NZ Q2 GDP was at the stronger end of expectations, albeit matching RBNZ expectations at 0.5% q/q, and still taking annual growth down to a 5-year low of 2.1%. The NZD was bid higher after the report, but the 20pip blip proved fleeting and it was later dragged down by a weaker AUD. The NZD made a few forays just below 0.63 but is holding up above that level this morning.  NZD/AUD rose 50pips to above 0.93 after the Australian employment report, but has since receded to about 0.9270.

US Treasury yields have nudged a little lower, with the 10-rate rate down to 1.78% after reaching as high as 1.81% in the aftermath of the FOMC announcement.  Funding stresses remain evident in US money markets, with the Fed injecting another $75b into the market to bring short term rates down. This remains a short-term fix, with the Fed needing a more permanent solution like rebuilding its balance sheet to facilitate an increase in bank reserves to reduce the number of these sorts of episodes.

NZ rates were dragged down by Australian rates yesterday, with a flattening bias.  The 2-year swap rate fell by 3bps to 0.97% while the 10-year rate fell by 7bps to 1.27%. The domestic focus turns to the RBNZ OCR review next week, with the Bank widely anticipated to keep policy steady after the shocking 50bps cut last month. Around 4bps of cuts is priced for next week’s meeting, with most anticipating that the next rate cut will be saved until November.

In other news, oil prices seem to be consolidating, with Brent crude trading around USD64 per barrel. Trump said that a peaceful solution with Iran would be good, but it’s possible that that won’t happen, “you may have some very strong hit, we’re the strongest military in the world by far”. Iran’s foreign minister continued to claim that Iran wasn’t involve in the attack on Saudi oil production facilities and that “we don’t want to engage in a military confrontation” but a military strike on Iran would be “all-out war”.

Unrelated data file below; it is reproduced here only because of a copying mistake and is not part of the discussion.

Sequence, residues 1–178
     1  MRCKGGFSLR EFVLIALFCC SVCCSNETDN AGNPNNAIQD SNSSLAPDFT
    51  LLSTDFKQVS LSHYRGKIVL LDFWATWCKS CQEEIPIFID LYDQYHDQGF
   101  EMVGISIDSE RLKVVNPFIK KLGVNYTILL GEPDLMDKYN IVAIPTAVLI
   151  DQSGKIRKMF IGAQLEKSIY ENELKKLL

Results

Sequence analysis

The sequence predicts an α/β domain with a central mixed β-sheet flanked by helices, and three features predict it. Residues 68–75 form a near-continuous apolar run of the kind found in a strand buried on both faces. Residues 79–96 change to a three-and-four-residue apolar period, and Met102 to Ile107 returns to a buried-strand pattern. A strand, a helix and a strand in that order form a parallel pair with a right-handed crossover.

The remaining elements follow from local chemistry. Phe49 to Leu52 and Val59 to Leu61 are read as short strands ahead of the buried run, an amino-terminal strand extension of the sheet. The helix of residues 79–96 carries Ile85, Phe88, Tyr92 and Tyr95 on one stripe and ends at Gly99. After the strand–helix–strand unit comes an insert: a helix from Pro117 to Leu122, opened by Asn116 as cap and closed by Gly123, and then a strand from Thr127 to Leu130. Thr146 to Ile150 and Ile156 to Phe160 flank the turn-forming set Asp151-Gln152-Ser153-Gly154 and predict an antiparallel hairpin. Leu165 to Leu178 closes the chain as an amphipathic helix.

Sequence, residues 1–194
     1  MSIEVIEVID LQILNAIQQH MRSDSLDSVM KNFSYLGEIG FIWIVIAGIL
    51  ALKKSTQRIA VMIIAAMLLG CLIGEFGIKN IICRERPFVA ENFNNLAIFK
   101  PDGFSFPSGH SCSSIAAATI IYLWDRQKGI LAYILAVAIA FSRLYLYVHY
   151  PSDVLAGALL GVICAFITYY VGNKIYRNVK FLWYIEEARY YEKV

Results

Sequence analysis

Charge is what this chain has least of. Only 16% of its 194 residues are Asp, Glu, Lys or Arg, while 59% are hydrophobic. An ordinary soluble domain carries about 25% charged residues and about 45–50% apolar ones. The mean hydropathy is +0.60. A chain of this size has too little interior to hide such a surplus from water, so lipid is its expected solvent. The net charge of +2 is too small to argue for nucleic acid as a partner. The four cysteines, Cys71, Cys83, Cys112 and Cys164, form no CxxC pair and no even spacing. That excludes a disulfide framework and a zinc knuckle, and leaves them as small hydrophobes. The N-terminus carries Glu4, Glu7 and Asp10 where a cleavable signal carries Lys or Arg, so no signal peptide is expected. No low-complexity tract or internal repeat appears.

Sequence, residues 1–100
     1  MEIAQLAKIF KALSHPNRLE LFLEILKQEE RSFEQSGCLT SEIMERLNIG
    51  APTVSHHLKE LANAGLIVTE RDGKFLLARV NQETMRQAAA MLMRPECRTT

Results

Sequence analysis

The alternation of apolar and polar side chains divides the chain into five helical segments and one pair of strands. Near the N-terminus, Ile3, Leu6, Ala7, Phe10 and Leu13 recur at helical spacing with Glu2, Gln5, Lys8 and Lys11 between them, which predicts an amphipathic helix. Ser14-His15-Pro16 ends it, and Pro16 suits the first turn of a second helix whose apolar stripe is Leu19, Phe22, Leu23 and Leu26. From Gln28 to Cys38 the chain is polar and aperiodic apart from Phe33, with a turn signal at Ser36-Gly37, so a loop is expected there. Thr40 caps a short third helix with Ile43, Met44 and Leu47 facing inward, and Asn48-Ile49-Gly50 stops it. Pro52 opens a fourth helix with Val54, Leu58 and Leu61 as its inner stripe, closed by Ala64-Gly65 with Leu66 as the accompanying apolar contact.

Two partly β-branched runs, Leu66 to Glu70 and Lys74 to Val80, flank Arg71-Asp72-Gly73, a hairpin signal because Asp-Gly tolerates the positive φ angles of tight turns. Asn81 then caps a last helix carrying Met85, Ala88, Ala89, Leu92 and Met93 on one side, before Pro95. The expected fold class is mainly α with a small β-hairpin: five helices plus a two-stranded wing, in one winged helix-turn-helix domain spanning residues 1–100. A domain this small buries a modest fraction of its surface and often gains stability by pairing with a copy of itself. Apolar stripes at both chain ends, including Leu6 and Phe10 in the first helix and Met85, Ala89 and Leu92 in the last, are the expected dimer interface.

The day ahead looks to be a quiet one.

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NZ currency has more speculative trade than anything else. Ask Jonkey, that's where he made most of his money!

While there are benefits with a floating exchange rate, the relatively small nature of our country makes this particularly vulnerable to margin trading; which only put 10% down, and let insider trading do the rest.

The smarter move would be to peg our currency to the weighted average movements of our main trading partners. This would encourage more locally owned businesses into the export game. What's discouraging this presently is our currency volatility, which in US currency can very between 62 and 75 cents in less than a year. How could a small business enter this game which is essentially what it is, due to insider margin traders.

Ever wondered what margin traders do. They look for short term gains at the expense of everyone else. Jonkey ring any bells here!!!

Currency pegs do not work and never will. They always end up breaking - show me one that hasn't or isn't likely to soon. Currency volatility is only going to get worse and most of it has been caused by govt and central bank incompetence. More regulation and manipulation by them will only make a bad situation worse, which is of course what will happen. As long as we have big govts bringing out more laws and regulations a small business has very little chance as the system (ironically the all-controlling socialist mentality in the west currently) is geared towards creating more barriers to entry and less competition and favours monopolies and cartels - i.e. the opposite of a free market capitalist system.